After some gains, German left gears up for coming election
Berliners protest presence of U.S. nuclear weapons on German soil. The left wing of the SPD surprisingly elected party leaders recently who have joined Die Linke, the Left Party, in its opposition to the presence of nuclear weapons on German soil. The hope is that the SPD, on this issue, will not, as it has many times in its history, just be "blinking left but turning right." | Michael Sohn/AP

BERLIN — “Mirror, mirror on the wall…” Nearly every German knows the story of Snow White. Currently, the question of who is “fairest of them all” faces nearly every German political party or, in modern terms, who can attract more votes in next year’s election.

The U.S. equivalent question, which will seek and hopefully find answer much sooner, is simpler; the poisonous apple has been exposed often enough. As for dwarfs—a political species—they abound in both countries, though never so cute as Walt Disney’s. As for the wicked witch, I must be cautious about any German analogy!

In Germany a year is left to go, but with the corona crisis, threatening economic collapse and a tattering friendship with Trump’s U.S., the suspense is already heightening. Choices are getting urgent. And for the Social Democrats (SPD), while Vice-Chancellor Olaf Koch’s smiling face is not exactly the fairest of them all (although nowadays bald is seen as sexy), some hope he can at least become the gallant prince riding to the rescue!

Germany’s oldest party needs rescuing! It has had a troubled history. In its militant youth Chancellor Bismarck outlawed it from 1878 to 1890, but after regaining legality it became, by 1913, the largest party in the Kaiser’s unified empire. But alas, its youthful ardor had cooled, or twisted, and it betrayed all its principles by joining in the “On to Paris!” cheers at the start of World War I. When Germany’s November Revolution ended the murderous, lost war, SPD-chief Ebert joined the far-right officers’ corps and war profit millionaires in blocking a socialist path—and at least abetting the murder of its devoted advocates, Karl Liebknecht and Rosa Luxemburg.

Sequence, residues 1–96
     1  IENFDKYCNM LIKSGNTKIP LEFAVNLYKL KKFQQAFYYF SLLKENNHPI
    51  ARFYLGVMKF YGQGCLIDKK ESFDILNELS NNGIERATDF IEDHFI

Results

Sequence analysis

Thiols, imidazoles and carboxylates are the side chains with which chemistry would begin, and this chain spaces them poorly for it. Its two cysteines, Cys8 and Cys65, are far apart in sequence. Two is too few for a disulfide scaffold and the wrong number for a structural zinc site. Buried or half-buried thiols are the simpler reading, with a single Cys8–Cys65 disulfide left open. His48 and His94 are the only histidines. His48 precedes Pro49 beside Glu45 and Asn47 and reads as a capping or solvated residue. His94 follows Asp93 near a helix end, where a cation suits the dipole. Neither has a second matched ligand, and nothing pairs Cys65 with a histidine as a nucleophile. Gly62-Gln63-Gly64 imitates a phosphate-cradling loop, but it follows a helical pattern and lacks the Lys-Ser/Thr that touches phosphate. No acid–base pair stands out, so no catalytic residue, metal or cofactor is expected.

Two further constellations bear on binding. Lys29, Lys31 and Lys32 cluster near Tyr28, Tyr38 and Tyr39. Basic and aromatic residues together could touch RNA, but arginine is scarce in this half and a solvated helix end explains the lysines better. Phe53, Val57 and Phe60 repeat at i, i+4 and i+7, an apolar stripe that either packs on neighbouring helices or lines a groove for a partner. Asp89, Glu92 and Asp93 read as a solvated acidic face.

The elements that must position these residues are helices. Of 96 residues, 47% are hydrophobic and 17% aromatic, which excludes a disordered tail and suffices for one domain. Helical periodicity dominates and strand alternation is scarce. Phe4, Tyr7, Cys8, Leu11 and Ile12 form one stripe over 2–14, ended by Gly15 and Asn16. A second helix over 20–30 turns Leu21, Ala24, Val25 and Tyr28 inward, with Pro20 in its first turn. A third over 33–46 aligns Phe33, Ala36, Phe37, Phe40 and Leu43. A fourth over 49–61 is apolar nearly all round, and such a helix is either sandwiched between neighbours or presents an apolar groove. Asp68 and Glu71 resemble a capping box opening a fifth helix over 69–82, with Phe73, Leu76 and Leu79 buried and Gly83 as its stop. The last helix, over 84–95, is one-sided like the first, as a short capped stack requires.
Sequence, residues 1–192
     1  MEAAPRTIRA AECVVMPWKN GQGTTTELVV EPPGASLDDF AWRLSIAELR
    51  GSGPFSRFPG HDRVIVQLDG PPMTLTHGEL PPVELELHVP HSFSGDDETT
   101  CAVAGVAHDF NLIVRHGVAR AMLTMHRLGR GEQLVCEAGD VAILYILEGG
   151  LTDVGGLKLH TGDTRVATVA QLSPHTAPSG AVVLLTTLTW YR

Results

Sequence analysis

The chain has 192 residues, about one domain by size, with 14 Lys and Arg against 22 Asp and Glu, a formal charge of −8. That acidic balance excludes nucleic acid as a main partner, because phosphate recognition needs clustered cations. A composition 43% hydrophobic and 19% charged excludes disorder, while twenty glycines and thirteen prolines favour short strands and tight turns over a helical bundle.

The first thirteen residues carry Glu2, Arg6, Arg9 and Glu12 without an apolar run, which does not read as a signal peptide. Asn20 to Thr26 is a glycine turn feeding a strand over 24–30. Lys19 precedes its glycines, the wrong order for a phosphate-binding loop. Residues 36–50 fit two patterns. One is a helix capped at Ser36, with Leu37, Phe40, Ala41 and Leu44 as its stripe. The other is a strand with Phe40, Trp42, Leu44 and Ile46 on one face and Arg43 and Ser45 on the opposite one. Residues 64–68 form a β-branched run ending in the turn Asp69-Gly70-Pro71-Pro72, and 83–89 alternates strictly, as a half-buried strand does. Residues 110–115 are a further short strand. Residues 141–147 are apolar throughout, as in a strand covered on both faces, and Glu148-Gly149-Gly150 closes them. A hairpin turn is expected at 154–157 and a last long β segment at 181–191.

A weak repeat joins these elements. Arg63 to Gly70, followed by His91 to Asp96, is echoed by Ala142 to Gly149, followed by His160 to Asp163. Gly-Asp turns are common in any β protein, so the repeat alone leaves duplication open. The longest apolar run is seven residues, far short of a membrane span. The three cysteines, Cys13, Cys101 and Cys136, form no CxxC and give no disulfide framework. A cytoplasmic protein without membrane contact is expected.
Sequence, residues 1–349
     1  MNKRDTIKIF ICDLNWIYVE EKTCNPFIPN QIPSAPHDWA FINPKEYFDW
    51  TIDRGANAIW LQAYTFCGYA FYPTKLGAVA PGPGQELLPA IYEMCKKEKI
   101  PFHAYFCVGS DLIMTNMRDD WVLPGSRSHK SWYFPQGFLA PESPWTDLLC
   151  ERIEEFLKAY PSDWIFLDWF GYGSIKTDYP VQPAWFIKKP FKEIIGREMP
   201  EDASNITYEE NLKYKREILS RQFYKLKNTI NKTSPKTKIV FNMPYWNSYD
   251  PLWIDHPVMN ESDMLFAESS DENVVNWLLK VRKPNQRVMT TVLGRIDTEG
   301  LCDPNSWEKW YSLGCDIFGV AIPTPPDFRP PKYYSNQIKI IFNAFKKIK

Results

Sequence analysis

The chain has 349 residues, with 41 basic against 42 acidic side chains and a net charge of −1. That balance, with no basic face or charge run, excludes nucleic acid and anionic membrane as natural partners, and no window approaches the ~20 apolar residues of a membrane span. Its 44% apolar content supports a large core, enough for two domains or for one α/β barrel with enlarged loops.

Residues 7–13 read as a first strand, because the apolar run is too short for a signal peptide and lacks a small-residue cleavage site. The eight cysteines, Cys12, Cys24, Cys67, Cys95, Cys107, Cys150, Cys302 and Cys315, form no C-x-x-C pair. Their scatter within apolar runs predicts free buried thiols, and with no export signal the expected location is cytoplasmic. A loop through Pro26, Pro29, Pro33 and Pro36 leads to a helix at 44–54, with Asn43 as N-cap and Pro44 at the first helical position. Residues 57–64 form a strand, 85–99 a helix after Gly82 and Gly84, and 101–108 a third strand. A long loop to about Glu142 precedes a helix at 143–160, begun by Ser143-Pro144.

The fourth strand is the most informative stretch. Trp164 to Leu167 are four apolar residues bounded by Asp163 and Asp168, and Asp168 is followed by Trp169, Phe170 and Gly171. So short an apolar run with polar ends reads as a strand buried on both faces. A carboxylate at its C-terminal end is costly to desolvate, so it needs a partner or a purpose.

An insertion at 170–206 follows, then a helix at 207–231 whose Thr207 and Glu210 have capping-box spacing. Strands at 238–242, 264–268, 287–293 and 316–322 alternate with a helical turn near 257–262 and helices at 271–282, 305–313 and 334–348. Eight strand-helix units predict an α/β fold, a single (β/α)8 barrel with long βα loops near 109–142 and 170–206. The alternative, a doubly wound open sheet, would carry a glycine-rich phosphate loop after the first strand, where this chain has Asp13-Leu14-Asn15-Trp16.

In the following years, the SPD made many compromises with Right and Center. As Hitler gained strength, it opposed the Nazis, though never as militantly as the Communists. The failure of the two to join in this fight proved fateful, but (despite many such interpretations) this was not only the fault of the Communists, who continued to lead in the resistance—before and, until 1945, in the underground.

The exiled SPD failed sadly when it came to supporting the elected Spanish government against Franco and Hitler in 1936-39. After 1945 it joined in Cold War policies and massive attempts to wreck the (East) German Democratic Republic. When the SPD’s Willy Brandt won the top job as chancellor (1969-1974) he helped pass a tough witch-hunt law copied from U.S. McCarthyism while switching to a cooler “Eastern policy,” not attacking with a Holy Crusader battering ram but with Lorelei temptation, which proved successful in 1990.

In its next administration (1998-2005), this time with the Greens, the SPD joined in the bombing war against Serbia and supported every policy of its protectors and patrons in Washington and the Pentagon (except, in an election-related abstention, the Iraq war of 2003). It also pushed through an economic austerity program under which the jobless and poorer seniors suffer to this day.